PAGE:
RUTLAND TOWN – A small portion of a controversial wind project proposed for Grandpa’s Knob in Castleton will be visible from part of Rutland Town, according to the developer’s latest simulations.
The Select Board was informed of this Tuesday by Planning Commission Chair Barbara Noyes Pulling, who is also a staff member at the Rutland Regional Planning Commission where the Grandpa’s Knob Community Wind Project was discussed at a recent committee meeting.
Pulling said until then no one knew the project might be visible from Rutland Town. She invited the spokesman for the developer, Sam Carlson, to give a presentation at the Dec. 16 Planning Commission meeting and also invited Select Board members to attend.
The project is backed by wind developer David Blittersdorf. Carlson, on Blittersdorf’s behalf, has spent the past few months going before select boards in Hubbardton, Castleton, Pittsfield, Proctor and West Rutland giving a preliminary idea of what the project will be.
The developers want to build a single turbine on Grandpa’s Knob in Castleton. The tower will be 275 feet high with blades sweeping 143 feet above that. The 1.5 megawatt turbine would be sited near an existing 310-foot communications tower. Half of the annual net profits would be given to the towns impacted by the project. How those funds get divided remains to be determined. The project itself is about a year away from even filing for a permit.
Since word of the project has spread, folks in opposition have been showing up to select board meetings. Many remember a 2012 proposal by another developer for a much more extensive project, up to 20 turbines, along that same ridge line, that was dropped in 2014. They oppose this project for the same reasons they opposed that one, the impacts on the view and environment. They cite the fact that none of the town plans for the municipalities involved favor industrial wind projects.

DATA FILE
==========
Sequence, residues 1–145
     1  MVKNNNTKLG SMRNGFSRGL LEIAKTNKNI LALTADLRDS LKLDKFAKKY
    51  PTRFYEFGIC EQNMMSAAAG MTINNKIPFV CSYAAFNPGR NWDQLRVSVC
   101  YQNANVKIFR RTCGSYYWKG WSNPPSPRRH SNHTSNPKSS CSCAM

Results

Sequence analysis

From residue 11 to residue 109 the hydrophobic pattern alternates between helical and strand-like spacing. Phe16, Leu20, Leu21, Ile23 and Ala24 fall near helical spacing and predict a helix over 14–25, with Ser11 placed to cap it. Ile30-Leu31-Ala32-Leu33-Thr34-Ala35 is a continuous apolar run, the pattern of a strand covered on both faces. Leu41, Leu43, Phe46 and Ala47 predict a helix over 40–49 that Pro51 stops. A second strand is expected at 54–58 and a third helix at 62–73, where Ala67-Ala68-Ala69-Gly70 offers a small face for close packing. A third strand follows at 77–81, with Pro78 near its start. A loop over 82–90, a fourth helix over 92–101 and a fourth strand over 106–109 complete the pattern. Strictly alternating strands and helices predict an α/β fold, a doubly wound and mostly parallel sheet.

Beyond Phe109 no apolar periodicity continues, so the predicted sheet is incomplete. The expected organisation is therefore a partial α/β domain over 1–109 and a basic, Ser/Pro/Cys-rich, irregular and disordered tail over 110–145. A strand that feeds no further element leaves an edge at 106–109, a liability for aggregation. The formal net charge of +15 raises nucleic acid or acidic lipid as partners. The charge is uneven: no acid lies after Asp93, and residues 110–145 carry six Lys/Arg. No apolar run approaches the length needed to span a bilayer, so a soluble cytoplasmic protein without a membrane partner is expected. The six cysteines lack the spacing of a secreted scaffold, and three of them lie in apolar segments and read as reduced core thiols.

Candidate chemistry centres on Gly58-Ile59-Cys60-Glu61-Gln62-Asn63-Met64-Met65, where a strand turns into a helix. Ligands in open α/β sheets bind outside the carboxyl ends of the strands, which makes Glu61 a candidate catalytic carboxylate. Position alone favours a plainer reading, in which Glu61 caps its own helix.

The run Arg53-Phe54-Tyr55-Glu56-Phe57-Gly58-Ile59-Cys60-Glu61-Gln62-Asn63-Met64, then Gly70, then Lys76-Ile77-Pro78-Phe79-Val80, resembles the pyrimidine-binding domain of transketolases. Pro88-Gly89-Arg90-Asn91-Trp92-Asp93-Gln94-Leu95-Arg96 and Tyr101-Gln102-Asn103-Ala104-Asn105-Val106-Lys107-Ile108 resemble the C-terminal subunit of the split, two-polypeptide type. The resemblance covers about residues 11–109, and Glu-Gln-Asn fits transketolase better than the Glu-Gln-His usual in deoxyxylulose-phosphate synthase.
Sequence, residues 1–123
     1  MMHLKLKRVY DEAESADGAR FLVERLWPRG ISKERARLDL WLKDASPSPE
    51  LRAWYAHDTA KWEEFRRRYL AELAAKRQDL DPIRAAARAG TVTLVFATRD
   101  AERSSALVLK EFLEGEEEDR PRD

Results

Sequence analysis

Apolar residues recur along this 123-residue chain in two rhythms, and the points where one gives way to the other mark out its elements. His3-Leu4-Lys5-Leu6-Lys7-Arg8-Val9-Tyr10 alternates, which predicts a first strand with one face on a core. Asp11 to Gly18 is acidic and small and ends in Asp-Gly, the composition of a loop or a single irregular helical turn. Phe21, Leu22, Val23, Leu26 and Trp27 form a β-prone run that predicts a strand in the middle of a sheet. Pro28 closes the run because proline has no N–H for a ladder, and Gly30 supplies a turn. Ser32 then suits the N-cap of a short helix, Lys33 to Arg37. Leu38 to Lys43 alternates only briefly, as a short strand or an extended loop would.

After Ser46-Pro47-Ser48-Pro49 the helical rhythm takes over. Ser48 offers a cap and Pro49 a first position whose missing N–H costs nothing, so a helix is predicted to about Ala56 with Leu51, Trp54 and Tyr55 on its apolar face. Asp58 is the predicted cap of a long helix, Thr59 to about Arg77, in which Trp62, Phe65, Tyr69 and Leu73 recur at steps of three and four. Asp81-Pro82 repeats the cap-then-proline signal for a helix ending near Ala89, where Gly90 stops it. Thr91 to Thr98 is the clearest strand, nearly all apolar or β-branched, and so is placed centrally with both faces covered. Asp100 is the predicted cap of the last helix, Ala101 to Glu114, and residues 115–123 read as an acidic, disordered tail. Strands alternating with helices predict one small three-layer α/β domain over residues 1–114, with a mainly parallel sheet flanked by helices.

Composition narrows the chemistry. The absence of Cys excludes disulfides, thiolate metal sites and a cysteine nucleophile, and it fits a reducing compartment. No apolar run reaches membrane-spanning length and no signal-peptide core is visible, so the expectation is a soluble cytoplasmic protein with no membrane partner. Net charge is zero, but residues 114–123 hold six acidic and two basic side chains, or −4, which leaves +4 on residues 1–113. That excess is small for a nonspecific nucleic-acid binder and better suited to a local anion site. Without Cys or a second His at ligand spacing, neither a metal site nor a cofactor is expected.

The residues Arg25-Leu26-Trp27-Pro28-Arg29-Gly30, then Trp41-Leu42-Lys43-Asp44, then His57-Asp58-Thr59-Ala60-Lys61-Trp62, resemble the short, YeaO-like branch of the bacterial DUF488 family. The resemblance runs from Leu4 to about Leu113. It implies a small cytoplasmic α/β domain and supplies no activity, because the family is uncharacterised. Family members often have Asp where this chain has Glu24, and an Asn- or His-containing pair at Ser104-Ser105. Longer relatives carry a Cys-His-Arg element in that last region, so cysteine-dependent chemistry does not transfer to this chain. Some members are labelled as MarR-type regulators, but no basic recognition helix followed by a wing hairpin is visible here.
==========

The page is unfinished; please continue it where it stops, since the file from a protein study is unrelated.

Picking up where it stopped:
According to Blittersdorf, he wants to build this one-turbine project to honor Palmer Putnam and the Smith-Putnam turbine, a wind turbine built on Grandpa’s Knob in 1941. It was the first wind project of that size to be linked with a power grid. It no longer stands there.
“It is the case as we presented to the Rutland Regional Planning Commission that there would be a view of the wind turbine from Boardman Hill Road from a very long ways away,” said Carlson on Wednesday. “And that’s pretty much the only view.”
Simulations of what the project would look like from various vantage points have been given to the towns involved, said Carlson.
He said the project was initially thought to be visible from Proctor, but the latest models show that it won’t.
Visit grandpasknobcommunitywind.com for more details and the latest information the developers have released.
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